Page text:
Numbers don’t count

One of the greatest client obstacles I come across with transmedia planning is predictive modelling. Everyone wants to know exactly what they’re going to get for their investment. Before it happens.

We forget that every time we put out a message into the complex system of society- it’s an experiment.

No one seems to be aware that when we’re talking about numbers here, we’re essentially talking experimental rocket science…

Let me thrash out a metaphor. The word *quantum* is Latin for “how great” or “how much:

Quantum mechanics helps describe potential: the state of a system at a given time is described by a complex wave function. This abstract mathematical object allows for the calculation of probabilities. For example, it allows one to compute the probability of finding an electron in a particular region around the nucleus at a particular time.*

The deal with quantum mechanics is that observation collapses the waves of probability (essentially a description of all of the potential outcomes) into a single reality. So you don’t know where some thing might be until you look at it. Then you definitely know (but you’ve probably affected it’s position by looking at it.)

Right- so how does this relate to predictive modelling?

- Unless your clients can deal with this:
they probably won’t be able to understand how people

*might* respond to:

- (SM+ UCG+ CRM+ CSR+ ATL +WOM…)
- and
*we *probably won’t know how to model it either

Let’s look at this differently:

- What if we don’t try to accumulate numbers, what if we try to curate them instead?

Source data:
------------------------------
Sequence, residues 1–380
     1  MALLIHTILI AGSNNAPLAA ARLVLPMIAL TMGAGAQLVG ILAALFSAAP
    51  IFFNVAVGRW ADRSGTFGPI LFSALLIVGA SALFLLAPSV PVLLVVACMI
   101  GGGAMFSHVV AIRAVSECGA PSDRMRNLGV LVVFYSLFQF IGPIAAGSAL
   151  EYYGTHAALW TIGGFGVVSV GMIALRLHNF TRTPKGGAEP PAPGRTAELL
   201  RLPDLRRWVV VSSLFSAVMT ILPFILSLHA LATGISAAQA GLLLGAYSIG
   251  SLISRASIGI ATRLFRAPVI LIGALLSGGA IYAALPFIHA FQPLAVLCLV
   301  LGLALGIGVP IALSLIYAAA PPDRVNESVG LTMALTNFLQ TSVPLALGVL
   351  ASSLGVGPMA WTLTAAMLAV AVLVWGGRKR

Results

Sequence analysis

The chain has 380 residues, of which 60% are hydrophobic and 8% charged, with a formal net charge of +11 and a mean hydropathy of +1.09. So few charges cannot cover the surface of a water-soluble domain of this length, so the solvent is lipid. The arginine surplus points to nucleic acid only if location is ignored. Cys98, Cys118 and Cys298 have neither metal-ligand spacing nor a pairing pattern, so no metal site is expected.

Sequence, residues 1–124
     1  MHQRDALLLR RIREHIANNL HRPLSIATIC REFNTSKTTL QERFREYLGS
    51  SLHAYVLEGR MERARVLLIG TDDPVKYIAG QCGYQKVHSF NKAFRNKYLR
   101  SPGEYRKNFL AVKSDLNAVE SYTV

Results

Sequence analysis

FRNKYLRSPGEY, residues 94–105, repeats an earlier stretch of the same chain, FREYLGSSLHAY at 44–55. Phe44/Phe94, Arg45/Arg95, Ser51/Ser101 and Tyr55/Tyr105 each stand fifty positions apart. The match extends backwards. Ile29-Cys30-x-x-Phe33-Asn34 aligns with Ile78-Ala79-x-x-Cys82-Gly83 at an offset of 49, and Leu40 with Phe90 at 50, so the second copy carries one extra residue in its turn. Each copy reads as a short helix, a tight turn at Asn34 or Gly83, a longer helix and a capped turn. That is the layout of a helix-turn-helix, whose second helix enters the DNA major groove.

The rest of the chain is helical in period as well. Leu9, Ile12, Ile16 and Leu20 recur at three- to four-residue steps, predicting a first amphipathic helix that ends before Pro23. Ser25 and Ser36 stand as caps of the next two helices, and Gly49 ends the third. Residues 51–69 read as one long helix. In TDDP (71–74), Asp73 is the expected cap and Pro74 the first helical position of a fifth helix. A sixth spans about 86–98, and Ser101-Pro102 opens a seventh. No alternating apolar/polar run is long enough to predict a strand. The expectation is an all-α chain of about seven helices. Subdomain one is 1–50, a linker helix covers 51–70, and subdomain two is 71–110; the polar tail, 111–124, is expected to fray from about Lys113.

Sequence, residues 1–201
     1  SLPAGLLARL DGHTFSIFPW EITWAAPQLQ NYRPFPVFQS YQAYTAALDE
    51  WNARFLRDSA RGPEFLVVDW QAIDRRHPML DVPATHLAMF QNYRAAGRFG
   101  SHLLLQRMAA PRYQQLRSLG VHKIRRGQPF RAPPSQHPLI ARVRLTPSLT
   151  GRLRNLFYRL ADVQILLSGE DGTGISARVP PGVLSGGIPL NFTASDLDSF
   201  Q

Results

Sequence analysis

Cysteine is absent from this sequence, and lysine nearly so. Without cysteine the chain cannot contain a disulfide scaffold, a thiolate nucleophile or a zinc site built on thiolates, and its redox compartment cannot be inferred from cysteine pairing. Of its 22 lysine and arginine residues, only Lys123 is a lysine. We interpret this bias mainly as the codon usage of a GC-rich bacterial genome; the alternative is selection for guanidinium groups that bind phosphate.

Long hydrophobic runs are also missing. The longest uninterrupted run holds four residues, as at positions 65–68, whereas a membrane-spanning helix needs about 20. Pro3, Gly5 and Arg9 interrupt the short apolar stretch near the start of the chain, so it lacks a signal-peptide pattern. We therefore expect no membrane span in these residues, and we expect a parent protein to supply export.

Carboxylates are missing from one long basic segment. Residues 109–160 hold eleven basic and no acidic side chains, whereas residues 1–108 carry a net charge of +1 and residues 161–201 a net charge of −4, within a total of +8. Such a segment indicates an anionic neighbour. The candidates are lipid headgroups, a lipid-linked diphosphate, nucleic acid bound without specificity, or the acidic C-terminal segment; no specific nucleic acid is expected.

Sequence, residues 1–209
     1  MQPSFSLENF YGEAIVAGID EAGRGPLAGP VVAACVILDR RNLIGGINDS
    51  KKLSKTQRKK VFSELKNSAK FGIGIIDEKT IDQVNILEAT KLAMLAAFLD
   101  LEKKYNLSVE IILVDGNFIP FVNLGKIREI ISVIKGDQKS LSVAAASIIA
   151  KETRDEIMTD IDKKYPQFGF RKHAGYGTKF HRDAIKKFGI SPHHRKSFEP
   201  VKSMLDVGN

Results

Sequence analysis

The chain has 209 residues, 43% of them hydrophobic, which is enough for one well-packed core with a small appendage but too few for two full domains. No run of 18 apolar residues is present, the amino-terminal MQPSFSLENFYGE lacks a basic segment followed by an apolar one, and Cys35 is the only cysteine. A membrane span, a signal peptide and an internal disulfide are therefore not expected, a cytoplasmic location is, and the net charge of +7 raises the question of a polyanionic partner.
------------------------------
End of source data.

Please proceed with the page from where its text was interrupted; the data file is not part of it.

- What if we tried to find out where the energy is in the system between a brand and it’s stakeholders?
- What if we tried to find out the most resonant agents in that system?
- What if we tried to find out how
*few* people we could talk to to get the effect we were after?
- What if we tried to find the people that counted? (and not just count the people?)

Ultimately, media+messaging really isn’t about what gets served…it’s about what serves you.

* Yes I know QM is about subatomic particles. It’s a *metaphor.*

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Pingback by Twitter Trackbacks for Numbers don’t count « Get Shouty [katiechatfield.wordpress.com] on Topsy.comAugust 31, 2009 @ 8:36 amComplex systems? What nonsense! Who would believe in those?

Predictive modes do sometimes work – they probably fit in the complicated space in this framework: http://en.wikipedia.org/wiki/Cynefin – but you’re right, where you have complexity, they run into problems.

Is “curating” basically about sensing & monitoring? I’d like to hear a bit more about that.

The only thing about the “resonant agents” bit is that it sounds like the “influencer” model. It may not be clear who the resonant agents will be in a system until you engage with it.

Dave Snowden has an interesting post here (with a software spruiking bit in the middle): http://www.cognitive-edge.com/blogs/dave/2009/04/think_anew_act_anew_scenario_p.php

Comment by Matt MooreAugust 31, 2009 @ 11:20 pmHi Matt

My rumination is not that predictive models do or don’t’ work- it’s that neither we nor our clients tend to have the math skill required to design them, read the results, draw conclusions and feed back into the model.

I’m going to further explore curating and resonant agents- it’s not really a Gladwell influencer thought because I don’t believe in exchanging one broadcast model for another. And you’re right- the only way to find them is to look and to experiment.

Comment by katiechatfieldAugust 31, 2009 @ 11:41 pmI will look forward to it!

N.B. Regarding models. There’s a quote from Paul Cillers: “the network used as model for a complex system will have to have the same level of complexity as the system itself”

Comment by Matt MooreSeptember 1, 2009 @ 6:08 am[…] …and so this this is how I get to my thinking around ‘curating resonant agents‘: […]

Pingback by curating resonant agents « Get ShoutySeptember 2, 2009 @ 6:27 amKick ass post. We like it.

Comment by CharlesSeptember 6, 2009 @ 7:15 am[…] recent example: Numbers don’t count: “One of the greatest client obstacles I come across with transmedia planning is predictive […]

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